The 2020 Berlin International Film Festival got underway this morning with competition jury president Jeremy Irons confronting some of the more controversial comments he’s made in the past in regards to abortion, gay marriage, and sexual harassment. Irons is leading this year’s jury alongside such names as actress Bérénice Bejo and filmmakers Kenneth Lonergan and Kleber Mendonça Filho. Irons started the jury press conference by bringing up the comments from his past, many of which resurfaced in the lead up to Berlinale. German press criticized the festival for naming Irons the president of the jury. The actor told press, “I wish I didn’t have to take up time with this, but I don’t want it to continue as a distraction to the Berlinale.”
In a 2011 interview with Radio Times, Irons was commenting on sexual harassment and was quoted as saying, “If a man puts his hand on a woman’s bottom, any woman worth her salt can deal with it. It’s communication. Can’t we be friendly?” The actor also defended the Church’s right to call abortion a sin. Another point of controversy came from Irons’ 2013 interview with HuffPo in which he said that legalizing gay marriage could result in fathers marrying their sons in order to avoid inheritance taxes. Irons’ anti-abortion comments are relevant to Berlin as Eliza Hittman’s abortion drama “Never Rarely Sometimes Always” is playing in competition.
“Let me make my views this morning entirely clear on these particular subjects once and for all,” Irons told journalists (via Variety). “Firstly, I support wholeheartedly the global movement to address the inequality of women’s rights, and to protect them from abusive, damaging, and disrespectful harassment, both at home and in the workplace. Secondly, I applaud the legislation of same-sex marriage, wherever it has been attained, and I hope that such enlightened legislation will continue to spread into more and more societies. And thirdly, I support wholeheartedly the right of women to have an abortion, should they so decide.”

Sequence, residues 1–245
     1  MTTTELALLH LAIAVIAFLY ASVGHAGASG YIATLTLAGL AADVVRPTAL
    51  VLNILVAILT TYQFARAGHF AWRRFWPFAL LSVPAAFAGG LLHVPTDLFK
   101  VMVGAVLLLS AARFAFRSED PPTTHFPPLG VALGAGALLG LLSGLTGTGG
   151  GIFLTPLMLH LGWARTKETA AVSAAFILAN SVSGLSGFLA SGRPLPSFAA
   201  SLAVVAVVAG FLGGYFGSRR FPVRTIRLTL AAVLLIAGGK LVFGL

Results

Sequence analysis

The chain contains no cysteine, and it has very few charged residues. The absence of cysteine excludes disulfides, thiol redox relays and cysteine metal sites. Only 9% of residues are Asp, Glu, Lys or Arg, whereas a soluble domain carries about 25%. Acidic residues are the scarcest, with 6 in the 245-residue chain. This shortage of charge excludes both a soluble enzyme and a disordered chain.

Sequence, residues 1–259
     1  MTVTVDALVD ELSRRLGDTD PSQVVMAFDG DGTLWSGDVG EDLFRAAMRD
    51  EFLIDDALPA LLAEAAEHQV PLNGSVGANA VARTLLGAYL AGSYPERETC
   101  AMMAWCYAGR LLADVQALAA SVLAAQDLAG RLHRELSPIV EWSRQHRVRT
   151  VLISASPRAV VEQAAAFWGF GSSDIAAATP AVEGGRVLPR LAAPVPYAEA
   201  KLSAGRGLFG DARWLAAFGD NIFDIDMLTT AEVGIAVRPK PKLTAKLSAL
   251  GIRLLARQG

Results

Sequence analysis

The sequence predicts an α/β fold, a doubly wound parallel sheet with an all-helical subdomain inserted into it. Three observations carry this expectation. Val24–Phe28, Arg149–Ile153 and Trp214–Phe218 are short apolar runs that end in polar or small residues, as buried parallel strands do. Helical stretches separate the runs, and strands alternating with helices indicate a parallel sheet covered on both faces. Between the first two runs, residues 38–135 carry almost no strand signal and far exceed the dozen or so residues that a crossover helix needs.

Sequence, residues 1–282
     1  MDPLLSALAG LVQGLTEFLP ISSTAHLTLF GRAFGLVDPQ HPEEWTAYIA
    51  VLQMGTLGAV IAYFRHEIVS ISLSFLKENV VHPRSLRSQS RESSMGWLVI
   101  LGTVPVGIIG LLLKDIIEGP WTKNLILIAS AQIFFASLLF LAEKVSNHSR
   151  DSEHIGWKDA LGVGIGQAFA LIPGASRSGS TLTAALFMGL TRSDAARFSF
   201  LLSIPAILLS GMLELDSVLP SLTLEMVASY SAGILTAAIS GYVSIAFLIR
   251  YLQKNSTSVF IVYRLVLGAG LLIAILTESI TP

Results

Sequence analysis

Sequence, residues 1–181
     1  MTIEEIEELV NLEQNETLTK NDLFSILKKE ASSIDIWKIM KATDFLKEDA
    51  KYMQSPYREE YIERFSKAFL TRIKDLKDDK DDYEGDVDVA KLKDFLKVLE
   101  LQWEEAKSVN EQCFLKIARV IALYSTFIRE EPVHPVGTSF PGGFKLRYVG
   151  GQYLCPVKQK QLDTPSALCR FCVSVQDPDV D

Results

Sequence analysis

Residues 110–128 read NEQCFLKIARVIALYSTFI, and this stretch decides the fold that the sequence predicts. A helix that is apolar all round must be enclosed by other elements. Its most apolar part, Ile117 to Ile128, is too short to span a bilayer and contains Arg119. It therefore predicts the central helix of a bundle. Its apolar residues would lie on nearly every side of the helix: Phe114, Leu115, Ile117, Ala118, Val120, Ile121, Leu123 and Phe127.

Irons continued, “These three human rights are, I believe, essential steps toward a civilized and humane society, for which we should all continue to strive. There are many parts of the world where these rights do not yet exist, where such ways of living lead to imprisonment, and even to death. I hope that some of the films we will be watching will address these problems, among many others we face in our world, and I look forward to watching films in this year’s Berlinale which will provoke us to question attitudes, prejudices, and worldwide perceptions of life as we know it. I hope that’s put my past comments to bed.”
The 2020 Berlin International Film Festival runs through March 1.